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India gives boost to vanilla farmers

By Clarisse Douaud , 03-Oct-2007

The Indian ministry of commerce is taking steps to help its vanilla farmers following a dip in world demand for the natural flavour.

The Economic Times of India reported October 2 that the department announced it is requesting the country's health ministry insist on mandatory labeling of synthetic vanilla as it occurs in the US and Europe.

 

 

 

The market for vanilla beans has taken a hit in recent years following price hikes that came on the back of a dip in production in one of the main producing countries for the natural flavour, Madagascar.

 

 

 

In 2000, a cyclone in Madagascar - which is said to currently supply 70 per cent of the market - wiped out crops, the effect of which was compounded by a political crisis two years later.

 

 

 

The upshot was that many food companies switched to synthetic vanillin.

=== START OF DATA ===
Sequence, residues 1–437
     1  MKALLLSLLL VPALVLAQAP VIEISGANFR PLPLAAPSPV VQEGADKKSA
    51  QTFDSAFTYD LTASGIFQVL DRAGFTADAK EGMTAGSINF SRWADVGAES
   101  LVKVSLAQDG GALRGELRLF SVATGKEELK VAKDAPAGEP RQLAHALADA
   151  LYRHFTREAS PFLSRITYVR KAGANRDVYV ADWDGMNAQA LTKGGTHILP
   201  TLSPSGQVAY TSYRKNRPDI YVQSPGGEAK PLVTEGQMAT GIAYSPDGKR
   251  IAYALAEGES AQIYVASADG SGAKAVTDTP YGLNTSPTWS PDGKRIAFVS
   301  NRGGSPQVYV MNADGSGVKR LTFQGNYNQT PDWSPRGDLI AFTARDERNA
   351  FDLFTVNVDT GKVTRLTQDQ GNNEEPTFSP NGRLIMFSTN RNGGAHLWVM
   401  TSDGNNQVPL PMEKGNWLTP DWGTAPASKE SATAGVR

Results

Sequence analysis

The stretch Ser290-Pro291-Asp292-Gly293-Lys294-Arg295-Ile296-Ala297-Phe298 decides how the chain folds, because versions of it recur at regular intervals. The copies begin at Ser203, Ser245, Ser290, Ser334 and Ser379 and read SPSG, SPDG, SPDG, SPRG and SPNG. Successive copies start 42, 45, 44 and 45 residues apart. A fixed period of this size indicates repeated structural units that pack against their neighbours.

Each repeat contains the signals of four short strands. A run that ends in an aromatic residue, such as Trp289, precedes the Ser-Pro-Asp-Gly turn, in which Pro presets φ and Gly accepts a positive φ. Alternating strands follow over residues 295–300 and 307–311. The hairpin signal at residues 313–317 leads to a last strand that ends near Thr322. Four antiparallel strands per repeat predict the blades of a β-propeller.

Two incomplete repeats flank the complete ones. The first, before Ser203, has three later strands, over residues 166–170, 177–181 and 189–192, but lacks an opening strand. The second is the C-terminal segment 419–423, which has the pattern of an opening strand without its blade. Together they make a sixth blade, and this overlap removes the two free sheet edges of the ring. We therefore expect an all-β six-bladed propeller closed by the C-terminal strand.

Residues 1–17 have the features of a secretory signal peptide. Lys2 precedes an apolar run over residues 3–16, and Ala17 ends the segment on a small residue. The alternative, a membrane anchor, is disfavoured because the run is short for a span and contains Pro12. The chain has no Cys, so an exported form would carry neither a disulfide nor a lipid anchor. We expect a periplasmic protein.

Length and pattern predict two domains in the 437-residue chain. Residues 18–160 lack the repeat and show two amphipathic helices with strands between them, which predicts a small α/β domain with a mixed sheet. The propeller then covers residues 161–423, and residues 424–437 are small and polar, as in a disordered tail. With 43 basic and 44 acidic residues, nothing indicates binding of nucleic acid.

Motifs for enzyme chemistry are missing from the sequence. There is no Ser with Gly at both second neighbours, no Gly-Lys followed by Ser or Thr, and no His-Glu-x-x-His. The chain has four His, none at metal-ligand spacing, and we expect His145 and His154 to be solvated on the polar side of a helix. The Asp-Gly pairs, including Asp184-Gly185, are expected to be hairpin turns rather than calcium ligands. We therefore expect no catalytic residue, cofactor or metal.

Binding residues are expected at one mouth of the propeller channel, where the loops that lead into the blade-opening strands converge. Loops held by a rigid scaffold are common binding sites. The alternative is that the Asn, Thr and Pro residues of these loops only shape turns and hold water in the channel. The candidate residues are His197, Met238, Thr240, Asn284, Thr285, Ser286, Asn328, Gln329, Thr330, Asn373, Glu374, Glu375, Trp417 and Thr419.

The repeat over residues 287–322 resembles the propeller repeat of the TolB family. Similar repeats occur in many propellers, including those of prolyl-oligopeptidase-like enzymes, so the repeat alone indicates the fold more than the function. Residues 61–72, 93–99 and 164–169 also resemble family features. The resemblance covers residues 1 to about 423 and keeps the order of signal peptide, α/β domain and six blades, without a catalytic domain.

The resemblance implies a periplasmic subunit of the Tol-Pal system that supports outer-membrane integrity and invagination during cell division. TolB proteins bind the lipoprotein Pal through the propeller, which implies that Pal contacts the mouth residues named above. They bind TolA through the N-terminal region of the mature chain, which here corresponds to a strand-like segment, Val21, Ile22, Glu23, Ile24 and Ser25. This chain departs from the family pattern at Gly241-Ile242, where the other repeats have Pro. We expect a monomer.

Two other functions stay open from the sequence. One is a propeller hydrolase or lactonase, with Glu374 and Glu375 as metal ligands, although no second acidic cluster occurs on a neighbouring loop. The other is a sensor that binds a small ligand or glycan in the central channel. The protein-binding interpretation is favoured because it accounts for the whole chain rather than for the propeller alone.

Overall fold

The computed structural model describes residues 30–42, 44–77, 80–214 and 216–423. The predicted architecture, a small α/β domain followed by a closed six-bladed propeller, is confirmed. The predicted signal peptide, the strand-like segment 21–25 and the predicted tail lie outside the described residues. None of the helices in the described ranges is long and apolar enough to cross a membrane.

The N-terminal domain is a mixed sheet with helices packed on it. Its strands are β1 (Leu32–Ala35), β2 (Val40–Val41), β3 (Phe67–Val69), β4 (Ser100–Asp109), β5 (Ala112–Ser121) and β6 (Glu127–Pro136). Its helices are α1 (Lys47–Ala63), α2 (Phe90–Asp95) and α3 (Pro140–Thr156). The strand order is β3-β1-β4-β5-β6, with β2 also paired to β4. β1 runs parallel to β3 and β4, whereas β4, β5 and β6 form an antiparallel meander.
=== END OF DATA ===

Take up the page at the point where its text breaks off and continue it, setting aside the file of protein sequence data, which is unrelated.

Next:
Current world demand for natural vanilla is somewhere around 40 metric tons per year, while global demand for synthetic vanillin stands at about 16,000 tons a year - costing one-hundredth of the price of its natural counterpart.

 

 

 

It both substitutes for vanilla and is a filler for adulterated vanilla extracts.

 

 

 

According to the Indian ministry of commerce, the country supplies just two per cent of the global natural vanilla industry. Union minister for commerce, Jairam Ramesh, told reporters the Indian government is looking to promote domestic consumption of natural vanilla so as to bolster the industry in light of its small contribution on the global scale. The ministry particularly foresees boosting supply to the country's ice-cream industry.

 

 

 

At the same time, the Indian Spices Board is looking to gain the approval of the finance ministry in order to subsidize ice-cream manufacturers to use natural vanilla. As part of this plan, the Board would funnel 50m Indian Rupees (€0.9m) per year over a three-year period.

 

 

 

The Economic Times reports the country's ice-cream manufacturers are reluctant to use natural vanilla because of cost constraints.

 

 

 

The government has stepped in to help farmers who have become too reliant on the crop and did not diversify - despite the Spice Board's promulgation of multi-crop farming -encouraged by the price hike in vanilla following the events in Madagascar.

 

 

 

The newspaper reports that 50,000 farmers - the majority operating in the states of Kerala and Karnataka - cultivate vanilla across 5,000 hectares.

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